Until now there were two kinds of Vice Presidents, those who occupied the office and those who tried to influence U.S. policy, but generally failed. And then there is the seventh Vice President who would have a major impact on American history although in the end it would mostly be negative.
John C. Calhoun was born in South Carolina in 1782 on his family’s farm. When his father became ill he had to quit school to keep the place operating but eventually he attended Yale and earned his degree. After Yale he finished out his education at the Tapping Reeve Law School (Litchfield Law School) where he earned his degree.
Calhoun was elected to the House Of Representatives in 1810 and soon became of the War Hawks, a group of Representatives who opposed any treaties with foreign powers. He was appointed the chairman of the committee on foreign affairs where he supporter going to war with the British over the harassment of American vessels and the pressing (forced conscription) of sailors. During the War of 1812 Calhoun championed the military pushing for funding and fighting against those who tried to negotiate a peace settlement. Although he had been a strong supporter of States Rights he supported for the permanent establishment of a full time military.
In 1817 Calhoun was appointed Secretary of War (Secretary of Defense in the modern world) by President Monroe. While in office Calhoun pushed for the improvement of the infrastructure from roads to canals and even a central bank in order to be able to move troops and fund military operations in order to prevent another invasion. He soon found himself clashing with the Jeffersonians who wanted a smaller government and the states to be in control of their own militias.
Calhoun also found himself fighting with Congress over the treatment of Native Americans. Congress had turned over all dealings with the Tribal Nations to the war department so Calhoun created the Bureau of Indian Affairs, an office that still exists. Eventually he succeeded in getting 38 treaties ratified.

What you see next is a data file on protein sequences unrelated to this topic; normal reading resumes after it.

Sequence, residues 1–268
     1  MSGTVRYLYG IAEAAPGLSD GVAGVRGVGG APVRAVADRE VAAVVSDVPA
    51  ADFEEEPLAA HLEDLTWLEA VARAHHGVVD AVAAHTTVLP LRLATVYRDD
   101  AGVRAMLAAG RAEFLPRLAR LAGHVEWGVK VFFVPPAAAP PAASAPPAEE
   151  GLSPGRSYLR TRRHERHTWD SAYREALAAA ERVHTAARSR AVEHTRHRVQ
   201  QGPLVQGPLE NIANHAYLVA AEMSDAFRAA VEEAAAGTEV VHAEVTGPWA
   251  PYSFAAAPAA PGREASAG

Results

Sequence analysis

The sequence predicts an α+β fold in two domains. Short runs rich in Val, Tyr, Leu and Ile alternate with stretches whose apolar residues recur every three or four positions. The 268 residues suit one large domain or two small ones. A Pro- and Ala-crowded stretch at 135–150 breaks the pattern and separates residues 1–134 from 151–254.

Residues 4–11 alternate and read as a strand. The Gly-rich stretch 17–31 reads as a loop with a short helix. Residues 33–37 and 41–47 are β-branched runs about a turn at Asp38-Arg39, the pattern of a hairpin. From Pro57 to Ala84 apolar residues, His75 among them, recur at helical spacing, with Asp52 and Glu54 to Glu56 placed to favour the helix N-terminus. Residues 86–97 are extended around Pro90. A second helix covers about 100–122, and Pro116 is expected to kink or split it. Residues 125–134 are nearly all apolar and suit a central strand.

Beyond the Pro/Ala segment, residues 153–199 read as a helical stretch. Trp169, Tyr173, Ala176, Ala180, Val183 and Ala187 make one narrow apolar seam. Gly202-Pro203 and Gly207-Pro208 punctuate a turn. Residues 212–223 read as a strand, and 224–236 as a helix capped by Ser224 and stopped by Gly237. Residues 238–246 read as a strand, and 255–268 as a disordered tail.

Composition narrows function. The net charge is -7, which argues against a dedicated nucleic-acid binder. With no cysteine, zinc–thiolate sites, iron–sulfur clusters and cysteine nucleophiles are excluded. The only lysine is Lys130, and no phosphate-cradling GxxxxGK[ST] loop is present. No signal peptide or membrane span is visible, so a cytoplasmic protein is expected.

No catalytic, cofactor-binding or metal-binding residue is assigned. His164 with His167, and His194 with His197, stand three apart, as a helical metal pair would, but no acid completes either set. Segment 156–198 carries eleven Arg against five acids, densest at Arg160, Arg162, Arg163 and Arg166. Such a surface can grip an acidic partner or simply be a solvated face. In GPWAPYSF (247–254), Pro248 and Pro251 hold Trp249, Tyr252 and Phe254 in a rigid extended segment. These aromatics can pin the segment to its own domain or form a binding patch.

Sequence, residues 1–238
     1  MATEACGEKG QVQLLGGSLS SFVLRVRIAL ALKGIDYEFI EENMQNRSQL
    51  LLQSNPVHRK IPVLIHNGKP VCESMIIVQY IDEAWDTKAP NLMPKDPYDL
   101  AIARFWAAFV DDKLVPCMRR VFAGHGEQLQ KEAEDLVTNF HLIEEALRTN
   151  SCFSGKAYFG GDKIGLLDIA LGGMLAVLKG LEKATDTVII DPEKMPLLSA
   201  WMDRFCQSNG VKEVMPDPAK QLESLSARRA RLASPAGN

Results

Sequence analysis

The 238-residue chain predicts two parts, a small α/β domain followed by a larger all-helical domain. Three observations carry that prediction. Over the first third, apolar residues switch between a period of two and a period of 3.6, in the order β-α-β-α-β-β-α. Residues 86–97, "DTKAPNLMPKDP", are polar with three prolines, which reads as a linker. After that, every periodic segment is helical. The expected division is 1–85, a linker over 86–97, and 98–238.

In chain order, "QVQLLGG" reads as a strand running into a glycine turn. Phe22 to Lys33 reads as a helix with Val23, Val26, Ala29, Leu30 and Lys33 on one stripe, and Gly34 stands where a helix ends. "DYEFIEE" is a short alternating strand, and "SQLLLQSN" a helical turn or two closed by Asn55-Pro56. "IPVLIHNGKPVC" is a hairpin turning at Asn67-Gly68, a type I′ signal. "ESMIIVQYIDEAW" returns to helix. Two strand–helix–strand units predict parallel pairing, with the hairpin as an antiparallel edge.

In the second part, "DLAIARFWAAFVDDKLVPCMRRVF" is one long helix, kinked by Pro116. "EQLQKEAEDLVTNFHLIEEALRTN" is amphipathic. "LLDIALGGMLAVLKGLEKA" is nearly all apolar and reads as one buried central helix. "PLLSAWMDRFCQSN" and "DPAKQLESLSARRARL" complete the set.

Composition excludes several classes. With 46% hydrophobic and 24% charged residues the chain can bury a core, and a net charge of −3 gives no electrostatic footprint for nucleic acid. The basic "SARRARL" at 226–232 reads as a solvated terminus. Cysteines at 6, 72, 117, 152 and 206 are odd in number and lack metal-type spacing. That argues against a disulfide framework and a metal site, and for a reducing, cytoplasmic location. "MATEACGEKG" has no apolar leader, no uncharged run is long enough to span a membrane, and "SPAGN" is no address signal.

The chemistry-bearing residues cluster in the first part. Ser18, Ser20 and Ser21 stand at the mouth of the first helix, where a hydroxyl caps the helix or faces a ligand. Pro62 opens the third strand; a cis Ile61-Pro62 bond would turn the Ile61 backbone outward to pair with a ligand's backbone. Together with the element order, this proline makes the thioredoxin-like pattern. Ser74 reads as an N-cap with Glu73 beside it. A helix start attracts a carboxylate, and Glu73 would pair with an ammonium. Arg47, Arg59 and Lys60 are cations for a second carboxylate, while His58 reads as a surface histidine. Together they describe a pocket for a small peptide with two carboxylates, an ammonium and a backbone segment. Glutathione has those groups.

In 1824 Calhoun decided to run for President but his record caused the southern states to turn against him so he put his name in for the Vice Presidency. No single Presidential candidate won a majority of the vote so the election was decided in the House of Representatives and Calhoun won the majority of the votes for the Vice Presidency. During his first term he became a vocal proponent of States Rights and even supported Jefferson’s Kentucky and Virginia Resolution that claimed states had the right to nullify any federal law they deemed unconstitutional, this created a major rift between him and President John Quincy Adams.
Calhoun was reelected in 1828 and became Andrew Jackson’s Vice President; making him the second to serve two different Presidents. It was also the time which the Democrat-Republicans realigned themselves and became the Democratic Party, making Calhoun the last Democrat-Republican and the first Democrat Vice President. However Calhoun and Jackson were bitter enemies dating back to The Seminole Wars when Jackson raised a private army to invade Spanish controlled Florida, a plan created by former Vice President Aaron Burr. Calhoun had pressed for the Censure of Jackson although he was forgiven by the President after Spain turned the territory over to the United States.